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Dissertation Title:

Understanding the Role of Shame in Women with Depression


Rose Marie Rutherford

Date, Time & Place:

September 1, 2015 at 2:00 pm
Studio, Lambert Road campus


Much has been written about shame and depression and its importance for affecting change in clinical work with clients. Recent literature has suggested the importance of clarifying the role of shame as a predictor of depressive symptoms. In light of this work, this investigation hypothesized that the participants with depression would score higher on the Experience Shame Scale (ESS) than the participants without depression. This investigation also hypothesized that there would be positive correlations between suicidal ideation and ESS with participants with suicidal ideation having higher scores on ESS Total, Characterological Shame, Behavioral Shame, and Bodily Shame. This investigation further hypothesized that there would be positive correlations between suicidal attempts and ESS scores. In this quasi-experimental study, all participants with mild to severe Beck Depression Inventory-Second Edition (BDI-II) scores were analyzed as participants with depression. One hundred twenty-six participants between the ages of 19 and 75 were administered the Experience of Shame Score (ESS) and the Beck Depression Inventory-Second Edition (BDI-II) and a questionnaire designed to account for varying predictor variables of shame and/or depression. Results showed that participants with depression scored higher on the ESS Total scale and the three ESS subscales than participants without depression. The correlations of demographics and diagnostic variables also revealed significant correlations between ESS Total scores and history of suicidal thoughts or ideation, and with a history of suicidal attempts. Overall, these findings underscore the need for understanding the specific relationship between shame and depression, to expand to the general population. In addition to providing increased understanding of the concept of shame, this study emphasized the important correlation between shame, depressive symptoms, and suicidal ideation and attempts. In addition, this research provided unique insights for women who are currently experiencing depressive symptoms regarding the relationship between their depressive symptoms and shaming experiences, and their relationship with others. Future research in this area is suggested. Finally, the importance of understanding shame in mental health due to the increase of women with depressive symptoms and shaming experiences is also discussed.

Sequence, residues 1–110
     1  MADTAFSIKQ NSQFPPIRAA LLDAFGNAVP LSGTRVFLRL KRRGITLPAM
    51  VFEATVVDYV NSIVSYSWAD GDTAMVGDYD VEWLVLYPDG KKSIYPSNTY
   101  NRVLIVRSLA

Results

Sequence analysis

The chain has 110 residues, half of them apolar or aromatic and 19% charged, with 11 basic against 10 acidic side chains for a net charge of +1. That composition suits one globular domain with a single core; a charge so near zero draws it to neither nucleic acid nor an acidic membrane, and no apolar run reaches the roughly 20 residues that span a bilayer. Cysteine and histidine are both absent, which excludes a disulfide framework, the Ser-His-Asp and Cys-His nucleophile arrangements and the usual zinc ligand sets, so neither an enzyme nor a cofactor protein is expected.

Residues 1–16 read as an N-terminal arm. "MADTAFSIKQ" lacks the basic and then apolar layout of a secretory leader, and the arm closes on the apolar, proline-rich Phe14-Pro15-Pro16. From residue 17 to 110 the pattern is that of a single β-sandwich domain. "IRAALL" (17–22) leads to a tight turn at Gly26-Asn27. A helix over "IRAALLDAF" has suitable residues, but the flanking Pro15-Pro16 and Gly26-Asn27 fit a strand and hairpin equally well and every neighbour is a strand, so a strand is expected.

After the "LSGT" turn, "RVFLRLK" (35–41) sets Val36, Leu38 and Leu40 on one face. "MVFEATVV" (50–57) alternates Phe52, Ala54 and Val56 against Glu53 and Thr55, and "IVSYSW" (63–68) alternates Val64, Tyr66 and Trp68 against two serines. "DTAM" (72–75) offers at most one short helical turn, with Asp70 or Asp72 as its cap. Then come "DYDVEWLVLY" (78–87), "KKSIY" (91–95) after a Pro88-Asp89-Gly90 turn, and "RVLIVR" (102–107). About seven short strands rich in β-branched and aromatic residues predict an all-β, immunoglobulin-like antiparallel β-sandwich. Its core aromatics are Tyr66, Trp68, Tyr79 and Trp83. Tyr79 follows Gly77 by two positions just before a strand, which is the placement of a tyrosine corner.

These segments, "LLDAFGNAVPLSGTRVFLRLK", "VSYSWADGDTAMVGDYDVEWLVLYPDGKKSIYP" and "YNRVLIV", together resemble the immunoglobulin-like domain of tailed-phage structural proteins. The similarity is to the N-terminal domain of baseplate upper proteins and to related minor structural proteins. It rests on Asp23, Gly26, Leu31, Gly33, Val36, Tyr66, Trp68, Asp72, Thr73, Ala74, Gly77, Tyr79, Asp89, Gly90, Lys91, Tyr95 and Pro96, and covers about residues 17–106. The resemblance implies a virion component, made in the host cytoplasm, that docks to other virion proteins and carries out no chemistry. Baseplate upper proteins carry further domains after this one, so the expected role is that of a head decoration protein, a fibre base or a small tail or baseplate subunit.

**Please note: All oral defense attendees must shuttle to campus from the Best Western in Carpinteria. There is no public parking on campus.**

  • Program/Track/Year: Clinical Psychology, Track B, 2007
  • Chair: Dr. Karen Shipley
  • Reader: Dr. Valerie Mantecon
  • External Reader: Dr. Kimberly Frye
  • Keywords: Women, Shame, Depression, Suicidal Ideation, Suicidal Attempts